Self belief is an impossible thing to quantify. The idea that sport reveals character rather than building it is, if true, a worrying aphorism for England supporters. Consistent failure at the World Cup and European Championships has led to a dangerous precedent that penalties, for example, are missed before one has even been kicked. Harry Redknapp has said what he thinks to be a contributing factor in England’s perennial underachievement at the major international tournaments:
“I sometimes think we overrate the opposition and don’t have enough self-confidence. Brazil do not have world beaters in every position and Robinho came to England and did nothing.”
There is some truth in Redknapp’s words. I can feel a tangible expectancy to fail, especially where penalties are concerned, and it is mirrored in the memories of the public and a compulsive media’s constant reminders. But the root of the confidence crisis is empirical; like winning is a habit, so is losing. Brazil (and Robinho, who will be starting) have only lost a handful of matches in their last fifty seven. We can think what we like of Gilberto, Juan, Melo and co but the effectiveness of their collective execution is unquestionable and they arrive, rightly so, as favourites along with Spain. Spain’s recent record is even more intimidating; one loss in fifty outings (and that came against none other than the USA, England’s first challengers).
Watching Spain’s second goal against Poland this week was something special. Success in football is not just about the talent at your disposal – England are prime examples – because to achieve a goal of such collective beauty and instinct takes more than individuals. We’re now at the peak of one nation’s talent pool and it coincides with an ethos of play that has been its premier club team’s identity for two decades. Torres, Villa, Silva, Iniesta, Fabregas, Xavi, Alonso, Busquets, Pique, Puyol, Ramos, and Casillas are a group talent of such ridiculous proportions that we cannot consider ourselves in their stratosphere. They really do have world beaters in every position. What’s worse is not simply that England couldn’t possibly have scored a goal as intricate, as smoothly manipulative and as instinctual as Spain’s, but that I can’t think of a vaguely memorable goal – or passage of play – from any one of our matches recently.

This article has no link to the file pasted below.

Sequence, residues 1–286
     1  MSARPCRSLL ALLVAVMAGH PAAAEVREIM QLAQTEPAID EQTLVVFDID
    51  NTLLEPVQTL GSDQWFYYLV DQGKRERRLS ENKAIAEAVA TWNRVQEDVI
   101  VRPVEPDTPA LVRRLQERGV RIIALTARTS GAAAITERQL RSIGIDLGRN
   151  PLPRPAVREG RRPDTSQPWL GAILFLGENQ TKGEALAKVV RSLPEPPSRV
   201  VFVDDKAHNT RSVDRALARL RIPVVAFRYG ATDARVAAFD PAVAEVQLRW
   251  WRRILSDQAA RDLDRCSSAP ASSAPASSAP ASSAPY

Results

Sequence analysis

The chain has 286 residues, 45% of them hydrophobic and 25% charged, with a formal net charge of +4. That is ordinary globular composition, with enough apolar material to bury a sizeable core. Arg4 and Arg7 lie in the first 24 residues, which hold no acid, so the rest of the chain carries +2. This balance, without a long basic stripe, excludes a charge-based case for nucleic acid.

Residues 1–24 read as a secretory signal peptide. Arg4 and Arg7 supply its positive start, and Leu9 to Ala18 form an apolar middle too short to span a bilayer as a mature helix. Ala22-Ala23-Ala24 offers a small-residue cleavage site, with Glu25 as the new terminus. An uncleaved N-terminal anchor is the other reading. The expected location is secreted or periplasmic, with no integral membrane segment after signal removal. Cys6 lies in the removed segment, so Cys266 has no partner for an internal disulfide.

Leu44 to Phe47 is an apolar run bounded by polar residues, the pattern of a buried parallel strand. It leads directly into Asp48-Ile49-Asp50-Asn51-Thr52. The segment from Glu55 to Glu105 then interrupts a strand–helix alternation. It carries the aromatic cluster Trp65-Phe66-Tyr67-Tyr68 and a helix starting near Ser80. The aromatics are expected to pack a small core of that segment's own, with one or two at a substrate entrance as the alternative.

Van Persie’s volley against Mexico is another example of a team’s individuality meeting execution. There is a strong Dutch quality to that goal – swift play followed by an arcing, miraculous even, cross met by consummate technique. It’s an explosion of pace, precision and technique. Even Mexico displayed their qualities whilst in possession (movement, comfort, control), Japan their industry, Portugal their flair without the finish…my point is every team has an individual quality that is tangible in their play. And England’s is disjointedness. No team in the build up to this World Cup have I seen look as lacking in cohesion when winning as this England side. We have a palpable uncertainty of, not what we’re trying to achieve (a goal is always the end game), but how we’re trying to play. Maybe this hesitancy is rooted in a lack of self belief. But the lack of self belief is also not without reason.
I do however disagree with Redknapp’s claim that the issue is confidence. Ian Wright, Terry Venables and Harry Redknapp were asked their predictions by The Sun and each, unequivocally, said England. I think that now more than ever we see through blind patriotism and accept England as outside bets for the World Cup. Maybe their predictions are symptomatic of the real issue: we don’t overrate the opponents, we overrate our own abilities. Though Wayne Rooney, Steven Gerrard, Frank Lampard, Ashley Cole and John Terry are world class individuals, they’ve never played in an England team that have – collectively – been anything better than average.
In complete honesty I would much rather England somehow set the tournament alight (much in the same manner as Holland at the Euro’s in 2008) and bow out in the quarters than have a forgettable run to the semi finals for example. Because no one really talks about Germany’s run in 2008; at least Holland were amazing for a handful of matches and scored a couple of incredible goals.
If you enjoyed this, you can follow me on Twitter